Why the AWARE cat fight is so important to Singaporean civil society?

April 23, 2009

russian_doll_bigger_to_smaller_lg_whtWritten by Darkness of the brotherhood – It hardly requires any elaboration; people should try to resolve their differences peacefully.


Only one problem; I don’t agree completely with what I have just wrote above.


The way I see it some disputes could well do with a no holds bar slug out; the bloodier the better; as its conceivable one reason why events took such a sinister turn with AWARE – when a group of unknowns suddenly came in from the sun and swapped out the old could well be a by product of what usually happens when contentious subjects are usually swept underneath the rug instead of being argued out thoroughly in the cut light of the open – that’s what usually happens when people shy away from conflict – they go behind, scheme and plan the pay back – no da Vinci code there, no mystery even, that’s what happened in AWARE.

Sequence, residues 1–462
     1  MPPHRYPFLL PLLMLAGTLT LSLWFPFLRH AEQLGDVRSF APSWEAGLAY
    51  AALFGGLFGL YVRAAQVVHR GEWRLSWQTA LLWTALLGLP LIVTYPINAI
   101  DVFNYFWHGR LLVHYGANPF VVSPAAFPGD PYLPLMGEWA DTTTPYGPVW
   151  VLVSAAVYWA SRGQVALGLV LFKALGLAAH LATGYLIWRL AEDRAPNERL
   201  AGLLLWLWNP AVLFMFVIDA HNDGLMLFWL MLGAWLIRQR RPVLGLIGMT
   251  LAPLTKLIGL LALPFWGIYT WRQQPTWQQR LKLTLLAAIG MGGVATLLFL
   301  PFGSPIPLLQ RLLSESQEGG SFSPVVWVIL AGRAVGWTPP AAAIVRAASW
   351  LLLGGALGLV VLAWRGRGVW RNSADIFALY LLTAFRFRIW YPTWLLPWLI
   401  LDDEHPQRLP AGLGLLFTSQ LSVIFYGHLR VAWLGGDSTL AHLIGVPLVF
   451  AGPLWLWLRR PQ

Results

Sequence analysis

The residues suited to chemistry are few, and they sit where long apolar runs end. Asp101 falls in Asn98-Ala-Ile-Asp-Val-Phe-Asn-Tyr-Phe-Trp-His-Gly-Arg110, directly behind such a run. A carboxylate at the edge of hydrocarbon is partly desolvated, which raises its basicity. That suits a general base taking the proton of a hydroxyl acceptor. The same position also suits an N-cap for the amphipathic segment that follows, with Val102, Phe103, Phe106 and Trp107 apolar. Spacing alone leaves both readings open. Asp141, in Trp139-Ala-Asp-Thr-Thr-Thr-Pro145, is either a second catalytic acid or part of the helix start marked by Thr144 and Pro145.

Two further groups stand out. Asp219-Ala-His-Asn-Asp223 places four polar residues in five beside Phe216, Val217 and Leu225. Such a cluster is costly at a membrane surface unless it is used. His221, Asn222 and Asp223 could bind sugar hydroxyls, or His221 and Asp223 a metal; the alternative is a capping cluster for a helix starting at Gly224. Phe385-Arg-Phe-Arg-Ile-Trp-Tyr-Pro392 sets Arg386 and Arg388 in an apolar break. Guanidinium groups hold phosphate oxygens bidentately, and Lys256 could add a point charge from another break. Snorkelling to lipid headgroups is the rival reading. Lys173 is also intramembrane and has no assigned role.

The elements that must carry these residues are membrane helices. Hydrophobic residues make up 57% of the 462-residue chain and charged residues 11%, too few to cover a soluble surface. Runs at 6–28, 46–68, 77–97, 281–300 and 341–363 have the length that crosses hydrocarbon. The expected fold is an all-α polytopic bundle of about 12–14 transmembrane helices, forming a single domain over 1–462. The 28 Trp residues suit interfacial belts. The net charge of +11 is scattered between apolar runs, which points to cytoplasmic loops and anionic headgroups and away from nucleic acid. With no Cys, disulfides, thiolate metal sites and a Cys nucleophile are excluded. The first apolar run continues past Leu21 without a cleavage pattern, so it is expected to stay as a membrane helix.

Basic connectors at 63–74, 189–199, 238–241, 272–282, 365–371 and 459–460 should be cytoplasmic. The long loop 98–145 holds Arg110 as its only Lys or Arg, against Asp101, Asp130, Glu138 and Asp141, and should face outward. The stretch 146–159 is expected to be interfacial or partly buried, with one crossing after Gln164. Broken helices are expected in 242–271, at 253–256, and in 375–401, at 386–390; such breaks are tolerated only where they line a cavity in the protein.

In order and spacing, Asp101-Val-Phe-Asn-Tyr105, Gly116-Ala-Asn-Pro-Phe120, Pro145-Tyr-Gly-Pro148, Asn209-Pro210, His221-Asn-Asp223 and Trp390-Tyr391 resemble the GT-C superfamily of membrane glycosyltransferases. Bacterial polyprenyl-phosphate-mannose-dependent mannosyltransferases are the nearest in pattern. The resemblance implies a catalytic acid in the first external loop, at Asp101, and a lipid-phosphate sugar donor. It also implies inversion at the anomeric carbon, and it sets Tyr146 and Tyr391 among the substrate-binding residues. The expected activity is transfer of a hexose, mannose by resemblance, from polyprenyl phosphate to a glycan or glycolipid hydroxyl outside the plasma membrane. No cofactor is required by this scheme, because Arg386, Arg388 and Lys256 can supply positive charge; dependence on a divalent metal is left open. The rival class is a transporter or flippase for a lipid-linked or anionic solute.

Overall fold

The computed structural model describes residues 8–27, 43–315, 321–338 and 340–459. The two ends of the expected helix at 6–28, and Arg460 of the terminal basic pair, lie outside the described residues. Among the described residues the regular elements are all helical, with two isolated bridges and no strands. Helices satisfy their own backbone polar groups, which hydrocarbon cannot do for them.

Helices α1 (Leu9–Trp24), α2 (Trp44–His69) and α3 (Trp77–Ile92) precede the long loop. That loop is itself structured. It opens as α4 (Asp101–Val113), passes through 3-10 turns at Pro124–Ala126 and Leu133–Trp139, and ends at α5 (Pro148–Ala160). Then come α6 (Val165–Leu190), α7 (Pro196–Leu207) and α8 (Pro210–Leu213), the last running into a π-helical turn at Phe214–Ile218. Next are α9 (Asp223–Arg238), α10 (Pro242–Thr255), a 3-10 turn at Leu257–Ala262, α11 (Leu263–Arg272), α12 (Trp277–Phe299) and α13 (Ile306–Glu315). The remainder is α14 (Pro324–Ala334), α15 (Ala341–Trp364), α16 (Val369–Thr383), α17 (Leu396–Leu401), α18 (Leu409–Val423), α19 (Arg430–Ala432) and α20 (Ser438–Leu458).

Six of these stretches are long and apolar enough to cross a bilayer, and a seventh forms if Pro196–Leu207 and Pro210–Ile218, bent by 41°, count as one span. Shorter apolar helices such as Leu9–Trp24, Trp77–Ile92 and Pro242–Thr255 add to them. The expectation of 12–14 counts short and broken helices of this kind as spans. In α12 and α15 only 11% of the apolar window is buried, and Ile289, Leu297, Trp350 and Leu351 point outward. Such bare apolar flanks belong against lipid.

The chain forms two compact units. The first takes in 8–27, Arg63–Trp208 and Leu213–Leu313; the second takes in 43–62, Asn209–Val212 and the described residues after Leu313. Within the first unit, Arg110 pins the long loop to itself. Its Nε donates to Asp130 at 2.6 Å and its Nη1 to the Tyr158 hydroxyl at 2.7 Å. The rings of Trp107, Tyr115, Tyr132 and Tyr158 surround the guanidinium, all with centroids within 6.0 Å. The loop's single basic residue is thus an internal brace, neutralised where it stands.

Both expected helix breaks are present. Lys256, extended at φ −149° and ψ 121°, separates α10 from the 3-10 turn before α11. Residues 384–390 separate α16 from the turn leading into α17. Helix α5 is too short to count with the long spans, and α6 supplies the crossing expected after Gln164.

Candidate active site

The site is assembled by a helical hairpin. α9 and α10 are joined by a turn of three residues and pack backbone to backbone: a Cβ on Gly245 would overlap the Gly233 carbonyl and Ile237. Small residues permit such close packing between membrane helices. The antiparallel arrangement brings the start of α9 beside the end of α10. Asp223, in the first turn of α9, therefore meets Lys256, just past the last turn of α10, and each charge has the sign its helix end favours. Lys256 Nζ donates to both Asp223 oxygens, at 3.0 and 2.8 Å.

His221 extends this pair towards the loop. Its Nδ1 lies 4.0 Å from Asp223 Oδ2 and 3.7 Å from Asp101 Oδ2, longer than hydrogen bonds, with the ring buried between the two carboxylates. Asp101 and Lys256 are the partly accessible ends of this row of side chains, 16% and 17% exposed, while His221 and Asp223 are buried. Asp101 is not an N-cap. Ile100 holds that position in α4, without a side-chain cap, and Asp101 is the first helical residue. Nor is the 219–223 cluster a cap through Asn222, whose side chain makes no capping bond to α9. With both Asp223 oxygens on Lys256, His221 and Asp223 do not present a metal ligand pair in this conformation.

You could even say it stands the test of reason; when contentious issues such as Christian versus liberal gay rights are treated as sensitive and out of bounds; people don’t just make teeth sucking sounds pack their bags and go back home to their board games – these points of contention don’t just go into some dark corner, fall silent and die – usually they find alternative means of expressions which are closer to the cloak and dagger genre – that’s the problem when we fear conflict to such an extent everyone is so busy pretending to play happy families instead of trying to hammer out their differences in a robust and spirited manner – politics is pushed into the preamble of darkness.